‘Home is where the heart is broken?’: Examining the impact of intimate relationship challenges on meanings of home
Smith, P. N. (2017). ‘Home is where the heart is broken?’: Examining the impact of intimate relationship challenges on meanings of home (Thesis, Master of Social Sciences (MSocSc)). University of Waikato, Hamilton, New Zealand. Retrieved from https://hdl.handle.net/10289/11631
Permanent Research Commons link: https://hdl.handle.net/10289/11631
This thesis makes an original contribution to emotional and material geographies by addressing the ways in which mutually constituted meanings of home and identity change in the wake of intimate, coupled relationship disruption. It examines practices of home making, unmaking and remaking of ten (nine women and one man) heterosexual individuals who have experienced relationship challenges and have homes the Waikato region of Aotearoa New Zealand. Three methods of data collection - semi-structured interviews; home visits; and, solicited and unsolicited diaries - were used to access the emotional and spatial experiences of this group of people. Feminist, queer and poststructuralist geographical theories are used to analyse the connection between relationships, emotions and materialities of home spaces. My findings are organised into two related themes: materialities and emotions. The first theme - materialities – foregrounds the role of objects for making, unmaking and remaking home and heterosexual couples. Following objects in and out of couple’s homes highlights gendered power relations and the importance of intergenerational relationships. Individual power, as well as the power of objects, is examined, with attention paid to how power and coupledom can be subverted or queered. The second theme – emotions – allows for an understanding of care, love, guilt and shame across the scales of bodies, objects, and homes. Emotions and affect are ‘sticky’ in that they attach to objects and pass between bodies and homes. Physical violence enacted on the home, as well as emotional or financial abusive behaviour within the home, are considered. I also discuss home as a place of healing and recovery. It is hoped that this examination of heterosexual couple relationship breakdown and home disruptions will encourage more critical understandings of geographies of identities, home, materialities and emotions.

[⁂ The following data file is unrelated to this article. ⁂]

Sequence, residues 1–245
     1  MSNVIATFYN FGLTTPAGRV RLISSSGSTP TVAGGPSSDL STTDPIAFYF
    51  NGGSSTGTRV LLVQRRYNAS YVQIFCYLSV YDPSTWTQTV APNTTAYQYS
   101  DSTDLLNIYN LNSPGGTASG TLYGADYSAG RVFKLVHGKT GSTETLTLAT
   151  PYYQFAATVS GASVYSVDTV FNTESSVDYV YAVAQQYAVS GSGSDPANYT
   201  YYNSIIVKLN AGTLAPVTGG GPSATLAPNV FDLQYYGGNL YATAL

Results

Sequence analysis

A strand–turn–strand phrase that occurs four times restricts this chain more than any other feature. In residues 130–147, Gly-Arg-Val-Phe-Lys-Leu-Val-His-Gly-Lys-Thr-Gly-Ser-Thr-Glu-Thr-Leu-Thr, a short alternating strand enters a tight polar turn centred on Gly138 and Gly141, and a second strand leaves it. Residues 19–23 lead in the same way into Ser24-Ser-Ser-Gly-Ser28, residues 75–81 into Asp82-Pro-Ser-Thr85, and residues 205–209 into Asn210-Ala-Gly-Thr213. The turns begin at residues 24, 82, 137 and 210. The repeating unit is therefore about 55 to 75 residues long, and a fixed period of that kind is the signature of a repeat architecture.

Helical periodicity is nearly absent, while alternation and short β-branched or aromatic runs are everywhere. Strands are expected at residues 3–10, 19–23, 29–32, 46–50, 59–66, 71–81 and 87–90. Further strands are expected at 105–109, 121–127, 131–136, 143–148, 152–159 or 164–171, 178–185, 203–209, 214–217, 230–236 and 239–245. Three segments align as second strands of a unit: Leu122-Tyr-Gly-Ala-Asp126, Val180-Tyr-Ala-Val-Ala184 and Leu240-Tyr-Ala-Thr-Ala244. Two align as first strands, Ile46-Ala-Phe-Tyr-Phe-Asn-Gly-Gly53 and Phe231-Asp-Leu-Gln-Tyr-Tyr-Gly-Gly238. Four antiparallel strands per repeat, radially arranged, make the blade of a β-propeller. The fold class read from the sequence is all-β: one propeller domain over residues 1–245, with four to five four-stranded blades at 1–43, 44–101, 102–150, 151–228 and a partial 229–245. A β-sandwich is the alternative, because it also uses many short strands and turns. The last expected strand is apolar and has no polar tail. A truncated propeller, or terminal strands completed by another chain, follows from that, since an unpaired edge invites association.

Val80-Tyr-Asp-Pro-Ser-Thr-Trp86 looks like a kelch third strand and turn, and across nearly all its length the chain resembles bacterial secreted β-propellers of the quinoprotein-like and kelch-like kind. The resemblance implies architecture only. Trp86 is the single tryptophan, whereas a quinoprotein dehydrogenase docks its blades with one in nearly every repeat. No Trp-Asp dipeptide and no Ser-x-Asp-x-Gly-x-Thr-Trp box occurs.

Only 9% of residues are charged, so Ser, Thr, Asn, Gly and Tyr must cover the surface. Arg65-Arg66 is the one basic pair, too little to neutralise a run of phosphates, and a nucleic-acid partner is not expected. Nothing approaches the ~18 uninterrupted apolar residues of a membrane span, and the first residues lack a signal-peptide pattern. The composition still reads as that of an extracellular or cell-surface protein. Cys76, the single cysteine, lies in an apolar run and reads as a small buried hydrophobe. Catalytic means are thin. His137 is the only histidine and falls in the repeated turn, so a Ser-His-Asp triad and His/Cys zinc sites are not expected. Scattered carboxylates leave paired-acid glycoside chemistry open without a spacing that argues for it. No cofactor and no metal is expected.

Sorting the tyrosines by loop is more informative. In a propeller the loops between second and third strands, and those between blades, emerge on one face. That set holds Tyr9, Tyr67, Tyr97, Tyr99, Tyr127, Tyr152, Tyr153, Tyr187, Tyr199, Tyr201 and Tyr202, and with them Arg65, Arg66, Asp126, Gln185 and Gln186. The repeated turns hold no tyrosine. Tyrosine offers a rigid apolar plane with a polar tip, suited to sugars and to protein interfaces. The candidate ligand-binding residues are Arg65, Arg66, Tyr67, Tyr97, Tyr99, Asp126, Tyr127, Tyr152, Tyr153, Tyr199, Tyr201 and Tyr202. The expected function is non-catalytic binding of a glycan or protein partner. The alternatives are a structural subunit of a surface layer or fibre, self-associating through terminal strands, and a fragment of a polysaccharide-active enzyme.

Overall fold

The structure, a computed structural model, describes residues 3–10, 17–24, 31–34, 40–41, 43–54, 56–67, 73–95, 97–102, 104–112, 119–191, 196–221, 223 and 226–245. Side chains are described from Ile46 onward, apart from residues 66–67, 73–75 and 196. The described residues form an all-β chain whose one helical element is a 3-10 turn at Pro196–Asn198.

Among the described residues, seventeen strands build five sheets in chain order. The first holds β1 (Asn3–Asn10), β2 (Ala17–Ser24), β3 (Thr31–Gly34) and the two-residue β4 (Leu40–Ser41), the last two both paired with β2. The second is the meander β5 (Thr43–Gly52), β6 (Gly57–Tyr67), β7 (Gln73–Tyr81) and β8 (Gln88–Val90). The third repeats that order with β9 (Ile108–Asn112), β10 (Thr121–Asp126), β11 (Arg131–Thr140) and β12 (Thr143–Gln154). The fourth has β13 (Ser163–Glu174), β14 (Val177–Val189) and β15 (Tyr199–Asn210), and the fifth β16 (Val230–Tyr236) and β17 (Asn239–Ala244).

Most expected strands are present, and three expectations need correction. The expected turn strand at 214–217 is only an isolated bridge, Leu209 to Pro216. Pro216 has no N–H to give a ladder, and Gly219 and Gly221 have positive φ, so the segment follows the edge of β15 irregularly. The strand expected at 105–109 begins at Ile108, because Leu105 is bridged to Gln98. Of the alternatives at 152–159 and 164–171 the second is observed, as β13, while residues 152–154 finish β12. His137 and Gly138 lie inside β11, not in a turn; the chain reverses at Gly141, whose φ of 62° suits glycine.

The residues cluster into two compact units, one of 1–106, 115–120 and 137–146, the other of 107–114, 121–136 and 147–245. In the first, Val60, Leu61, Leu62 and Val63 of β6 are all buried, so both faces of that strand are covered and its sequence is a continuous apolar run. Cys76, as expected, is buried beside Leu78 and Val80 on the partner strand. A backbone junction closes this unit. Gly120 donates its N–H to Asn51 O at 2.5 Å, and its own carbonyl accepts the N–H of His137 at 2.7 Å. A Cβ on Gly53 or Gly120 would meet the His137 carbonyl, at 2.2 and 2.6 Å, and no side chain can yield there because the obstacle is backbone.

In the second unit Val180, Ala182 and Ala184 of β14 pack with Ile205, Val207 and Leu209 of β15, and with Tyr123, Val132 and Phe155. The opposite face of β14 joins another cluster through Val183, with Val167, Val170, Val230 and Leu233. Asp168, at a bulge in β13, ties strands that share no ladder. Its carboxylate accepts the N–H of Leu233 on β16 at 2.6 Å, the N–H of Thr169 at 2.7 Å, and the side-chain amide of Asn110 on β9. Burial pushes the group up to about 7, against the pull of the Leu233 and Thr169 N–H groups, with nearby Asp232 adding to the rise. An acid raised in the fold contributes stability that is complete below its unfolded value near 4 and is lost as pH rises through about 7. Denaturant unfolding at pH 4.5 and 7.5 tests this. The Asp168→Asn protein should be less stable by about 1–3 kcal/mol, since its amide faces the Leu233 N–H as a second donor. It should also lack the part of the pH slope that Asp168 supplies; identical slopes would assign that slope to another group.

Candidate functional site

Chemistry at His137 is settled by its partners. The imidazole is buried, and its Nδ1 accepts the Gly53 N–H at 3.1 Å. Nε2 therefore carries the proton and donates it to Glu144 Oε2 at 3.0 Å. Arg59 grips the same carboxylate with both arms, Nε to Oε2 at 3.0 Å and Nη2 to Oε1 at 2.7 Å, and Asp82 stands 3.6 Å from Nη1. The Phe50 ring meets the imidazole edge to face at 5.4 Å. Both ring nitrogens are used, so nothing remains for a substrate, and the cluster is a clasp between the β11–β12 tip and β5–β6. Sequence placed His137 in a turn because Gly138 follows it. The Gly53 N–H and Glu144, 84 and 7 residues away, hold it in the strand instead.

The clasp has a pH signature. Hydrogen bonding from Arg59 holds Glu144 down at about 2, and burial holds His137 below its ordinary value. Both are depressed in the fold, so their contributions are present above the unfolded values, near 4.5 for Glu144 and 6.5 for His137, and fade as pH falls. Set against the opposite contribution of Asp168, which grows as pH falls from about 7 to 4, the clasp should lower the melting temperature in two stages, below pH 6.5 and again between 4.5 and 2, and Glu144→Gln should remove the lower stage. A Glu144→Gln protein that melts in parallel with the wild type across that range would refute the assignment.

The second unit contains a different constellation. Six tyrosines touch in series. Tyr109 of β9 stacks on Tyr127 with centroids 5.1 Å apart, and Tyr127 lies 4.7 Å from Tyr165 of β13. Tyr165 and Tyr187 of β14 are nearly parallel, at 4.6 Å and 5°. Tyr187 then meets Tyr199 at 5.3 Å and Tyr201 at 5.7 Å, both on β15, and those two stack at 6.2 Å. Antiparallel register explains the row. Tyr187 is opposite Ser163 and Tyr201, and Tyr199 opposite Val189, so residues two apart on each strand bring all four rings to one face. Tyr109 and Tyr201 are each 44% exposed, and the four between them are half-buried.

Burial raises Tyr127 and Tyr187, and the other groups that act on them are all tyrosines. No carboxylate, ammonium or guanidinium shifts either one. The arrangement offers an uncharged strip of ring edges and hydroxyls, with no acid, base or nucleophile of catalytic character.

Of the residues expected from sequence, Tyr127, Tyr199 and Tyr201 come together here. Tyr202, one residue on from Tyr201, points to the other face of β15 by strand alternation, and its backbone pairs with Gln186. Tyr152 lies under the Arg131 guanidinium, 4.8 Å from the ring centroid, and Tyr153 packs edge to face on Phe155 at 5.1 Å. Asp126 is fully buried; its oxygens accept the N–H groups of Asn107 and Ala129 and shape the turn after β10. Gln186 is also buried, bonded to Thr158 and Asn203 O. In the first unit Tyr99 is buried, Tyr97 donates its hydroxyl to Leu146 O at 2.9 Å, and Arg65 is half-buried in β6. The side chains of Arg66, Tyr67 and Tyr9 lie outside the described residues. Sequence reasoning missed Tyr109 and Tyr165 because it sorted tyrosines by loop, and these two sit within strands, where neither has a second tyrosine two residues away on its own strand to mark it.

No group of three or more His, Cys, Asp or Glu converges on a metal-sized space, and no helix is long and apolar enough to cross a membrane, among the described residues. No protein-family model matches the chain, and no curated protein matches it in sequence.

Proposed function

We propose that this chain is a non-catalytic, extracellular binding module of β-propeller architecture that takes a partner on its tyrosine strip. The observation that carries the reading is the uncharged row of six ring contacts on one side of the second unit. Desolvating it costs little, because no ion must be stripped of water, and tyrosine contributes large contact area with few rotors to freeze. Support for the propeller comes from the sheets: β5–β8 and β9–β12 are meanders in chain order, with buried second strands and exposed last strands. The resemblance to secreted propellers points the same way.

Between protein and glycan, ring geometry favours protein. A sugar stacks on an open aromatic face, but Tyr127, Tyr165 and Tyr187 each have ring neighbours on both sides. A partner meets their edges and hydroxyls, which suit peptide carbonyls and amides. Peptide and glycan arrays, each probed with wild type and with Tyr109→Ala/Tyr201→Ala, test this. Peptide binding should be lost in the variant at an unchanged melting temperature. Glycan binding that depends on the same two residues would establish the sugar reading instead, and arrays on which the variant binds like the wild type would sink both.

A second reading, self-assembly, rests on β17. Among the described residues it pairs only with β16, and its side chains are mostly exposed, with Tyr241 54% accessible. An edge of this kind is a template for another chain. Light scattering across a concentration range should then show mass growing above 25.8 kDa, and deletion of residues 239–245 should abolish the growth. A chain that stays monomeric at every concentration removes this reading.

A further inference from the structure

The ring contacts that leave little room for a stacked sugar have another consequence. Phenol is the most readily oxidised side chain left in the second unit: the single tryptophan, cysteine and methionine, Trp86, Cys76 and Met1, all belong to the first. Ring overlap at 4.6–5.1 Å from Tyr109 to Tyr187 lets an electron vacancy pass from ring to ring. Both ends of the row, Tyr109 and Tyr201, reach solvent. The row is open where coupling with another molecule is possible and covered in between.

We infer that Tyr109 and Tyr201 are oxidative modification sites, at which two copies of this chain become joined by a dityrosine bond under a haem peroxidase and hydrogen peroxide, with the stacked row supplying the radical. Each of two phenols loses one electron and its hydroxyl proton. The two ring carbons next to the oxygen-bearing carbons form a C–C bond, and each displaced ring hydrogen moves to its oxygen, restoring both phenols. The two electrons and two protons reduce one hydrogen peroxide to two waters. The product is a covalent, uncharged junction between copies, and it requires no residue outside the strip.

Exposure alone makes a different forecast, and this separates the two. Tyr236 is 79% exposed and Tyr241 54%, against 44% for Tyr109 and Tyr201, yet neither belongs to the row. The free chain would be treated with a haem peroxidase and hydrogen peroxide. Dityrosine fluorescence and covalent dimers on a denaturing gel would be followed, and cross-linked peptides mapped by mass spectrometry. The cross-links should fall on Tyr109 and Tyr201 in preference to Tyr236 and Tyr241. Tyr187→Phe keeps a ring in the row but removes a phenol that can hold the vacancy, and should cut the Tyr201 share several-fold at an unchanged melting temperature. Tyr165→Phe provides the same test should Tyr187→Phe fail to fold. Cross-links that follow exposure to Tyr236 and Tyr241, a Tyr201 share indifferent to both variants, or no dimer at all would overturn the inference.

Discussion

University of Waikato
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- Masters Degree Theses